Jack Covey (far right in the dark suit) looked dapper in a Chilliwack secondary school football team picture. Over six-plus decades the former teacher/school administrator has had an impact on hundreds of Chilliwack youths in dozens of activities.

Covey’s fingerprints all over local sports scene

Over six-plus decades, Jack Covey has brought sporting opportunities to hundreds of Chilliwack youths.

The Chilliwack Sports Hall of Fame welcomes its Class of 2015 this weekend.

The induction ceremony will be held during the first period intermission of the Saturday night Chilliwack Chiefs game vs Prince George.

Jack Covey is being honoured as an inductee in the Judy Fitzsimmons Builder Category.

Here is his story.



Whenever Jack Covey drives down Hocking Avenue and sees a full parking lot at the YMCA building, a little smile comes across his face.

“How that started, that’s always a story,” he says with a grin.

In the early 1960s Covey was already getting involved in the local sports scene as part of a volunteer community recreational board set up by the city.

“As a group we sat down and said to the city, ‘We have full time jobs and this is becoming too much for us, so we recommend that you hire a recreation director,’” Covey recalls. “But, after a year the city didn’t do anything.”

A few years earlier, when he was a student at UBC, Covey had taught swimming lessons at the Vancouver YMCA.

“So I had a few contacts there and I thought, ‘Why not have a Y?’”

Under the YMCA banner, Covey and company ran an amazing range of programs — fishing, fencing, softball.

“We hired a young Chinese guy and he was very good with these, I don’t know what they were called,” Covey laughs, making nun-chuck moves. “Anybody who had an interest, we had people coming forward saying, ‘Yeah I’ll run that program.’”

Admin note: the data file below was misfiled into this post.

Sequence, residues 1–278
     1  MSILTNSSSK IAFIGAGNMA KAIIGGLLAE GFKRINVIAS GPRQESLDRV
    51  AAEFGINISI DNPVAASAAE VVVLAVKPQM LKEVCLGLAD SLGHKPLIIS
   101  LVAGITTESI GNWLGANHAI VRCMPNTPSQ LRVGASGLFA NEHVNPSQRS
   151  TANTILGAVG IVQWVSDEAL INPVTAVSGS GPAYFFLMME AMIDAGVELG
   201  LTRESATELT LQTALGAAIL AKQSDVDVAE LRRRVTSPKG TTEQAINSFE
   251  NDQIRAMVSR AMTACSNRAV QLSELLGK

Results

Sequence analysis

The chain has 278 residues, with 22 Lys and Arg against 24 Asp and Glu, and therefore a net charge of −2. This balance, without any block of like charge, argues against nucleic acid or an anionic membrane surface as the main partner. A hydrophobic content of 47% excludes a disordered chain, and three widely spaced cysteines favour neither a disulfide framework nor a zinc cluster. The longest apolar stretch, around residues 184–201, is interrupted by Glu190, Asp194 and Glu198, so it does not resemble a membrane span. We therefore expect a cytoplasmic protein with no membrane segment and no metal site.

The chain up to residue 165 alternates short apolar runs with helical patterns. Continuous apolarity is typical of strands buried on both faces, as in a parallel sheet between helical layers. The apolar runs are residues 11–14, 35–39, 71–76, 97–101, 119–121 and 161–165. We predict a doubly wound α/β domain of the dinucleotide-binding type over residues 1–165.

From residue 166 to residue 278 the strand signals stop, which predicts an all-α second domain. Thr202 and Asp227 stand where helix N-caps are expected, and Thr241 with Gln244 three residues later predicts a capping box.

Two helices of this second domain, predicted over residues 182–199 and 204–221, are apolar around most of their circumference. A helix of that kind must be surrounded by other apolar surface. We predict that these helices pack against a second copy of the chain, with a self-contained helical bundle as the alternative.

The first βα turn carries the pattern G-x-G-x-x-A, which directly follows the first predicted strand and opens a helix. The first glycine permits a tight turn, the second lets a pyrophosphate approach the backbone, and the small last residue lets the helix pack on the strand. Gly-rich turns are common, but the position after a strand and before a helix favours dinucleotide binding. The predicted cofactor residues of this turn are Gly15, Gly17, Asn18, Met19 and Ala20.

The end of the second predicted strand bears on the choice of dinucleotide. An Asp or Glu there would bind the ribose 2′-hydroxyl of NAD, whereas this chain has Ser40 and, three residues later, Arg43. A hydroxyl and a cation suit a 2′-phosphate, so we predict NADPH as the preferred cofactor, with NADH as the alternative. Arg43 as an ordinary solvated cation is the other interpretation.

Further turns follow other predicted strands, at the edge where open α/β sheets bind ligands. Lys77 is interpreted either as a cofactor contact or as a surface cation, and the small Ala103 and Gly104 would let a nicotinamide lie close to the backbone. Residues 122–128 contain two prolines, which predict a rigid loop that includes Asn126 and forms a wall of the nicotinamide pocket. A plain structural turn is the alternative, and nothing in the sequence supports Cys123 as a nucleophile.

“Eventually, we needed a building.”

Covey and crew looked at the piece of property the Coast Hotel now occupies, but couldn’t make it work.  The land on Hocking Avenue was plan B,  purchased from Rod Cooper.

“He was only given the amount of money he originally paid for it, and people couldn’t believe he would do that,” Covey says. “He didn’t make any money on it at all.”

Covey credits Dr. Gerry Evans with helping him bring the YMCA to Chilliwack, and for developing the building concept that continues to work so well today.

“Gerry went around to some Y’s in Alberta and Saskatchewan and he came back saying, ‘What has to be done is, when people enter the building there has to be activity,’” Covey says. “That’s why the pool is where it is. When you come in you see activity right away. And, he wanted it to be a family place for people of all ages.”

“So, when I drive by now and see that parking lot full, I pump my fist and say, ‘Yeah! Good decision!’”

It can be safely said that 84 year old Covey’s fingerprints are all over Chilliwack sports landscape, with the YMCA just one example.

You can, for instance, make a case that he is the grand-daddy of local football.

He brought the first high school program to Chilliwack secondary school in the early 1960s, coaching his crews to three Fraser Valley championships.

That was as far as you could go in those days, with no BC championship.